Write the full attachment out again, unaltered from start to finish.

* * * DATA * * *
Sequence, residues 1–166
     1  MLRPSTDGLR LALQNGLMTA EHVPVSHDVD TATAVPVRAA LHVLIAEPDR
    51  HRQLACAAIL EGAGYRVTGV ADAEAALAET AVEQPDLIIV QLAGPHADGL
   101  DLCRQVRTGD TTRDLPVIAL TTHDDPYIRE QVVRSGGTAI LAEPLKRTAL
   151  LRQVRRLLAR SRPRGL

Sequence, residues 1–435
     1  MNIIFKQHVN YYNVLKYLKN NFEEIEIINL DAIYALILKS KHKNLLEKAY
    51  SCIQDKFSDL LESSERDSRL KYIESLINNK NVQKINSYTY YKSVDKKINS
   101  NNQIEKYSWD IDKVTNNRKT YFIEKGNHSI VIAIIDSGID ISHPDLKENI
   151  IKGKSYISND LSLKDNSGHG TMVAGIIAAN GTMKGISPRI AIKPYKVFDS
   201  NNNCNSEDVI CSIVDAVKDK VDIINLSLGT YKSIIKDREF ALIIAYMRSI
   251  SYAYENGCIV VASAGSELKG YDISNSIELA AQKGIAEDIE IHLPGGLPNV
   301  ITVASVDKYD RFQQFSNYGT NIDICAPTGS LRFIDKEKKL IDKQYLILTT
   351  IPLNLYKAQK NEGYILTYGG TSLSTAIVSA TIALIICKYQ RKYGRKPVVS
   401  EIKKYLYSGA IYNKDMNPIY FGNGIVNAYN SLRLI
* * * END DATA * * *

Sequence, residues 1–166
     1  MLRPSTDGLR LALQNGLMTA EHVPVSHDVD TATAVPVRAA LHVLIAEPDR
    51  HRQLACAAIL EGAGYRVTGV ADAEAALAET AVEQPDLIIV QLAGPHADGL
   101  DLCRQVRTGD TTRDLPVIAL TTHDDPYIRE QVVRSGGTAI LAEPLKRTAL
   151  LRQVRRLLAR SRPRGL

Sequence, residues 1–435
     1  MNIIFKQHVN YYNVLKYLKN NFEEIEIINL DAIYALILKS KHKNLLEKAY
    51  SCIQDKFSDL LESSERDSRL KYIESLINNK NVQKINSYTY YKSVDKKINS
   101  NNQIEKYSWD IDKVTNNRKT YFIEKGNHSI VIAIIDSGID ISHPDLKENI
   151  IKGKSYISND LSLKDNSGHG TMVAGIIAAN GTMKGISPRI AIKPYKVFDS
   201  NNNCNSEDVI CSIVDAVKDK VDIINLSLGT YKSIIKDREF ALIIAYMRSI
   251  SYAYENGCIV VASAGSELKG YDISNSIELA AQKGIAEDIE IHLPGGLPNV
   301  ITVASVDKYD RFQQFSNYGT NIDICAPTGS LRFIDKEKKL IDKQYLILTT
   351  IPLNLYKAQK NEGYILTYGG TSLSTAIVSA TIALIICKYQ RKYGRKPVVS
   401  EIKKYLYSGA IYNKDMNPIY FGNGIVNAYN SLRLI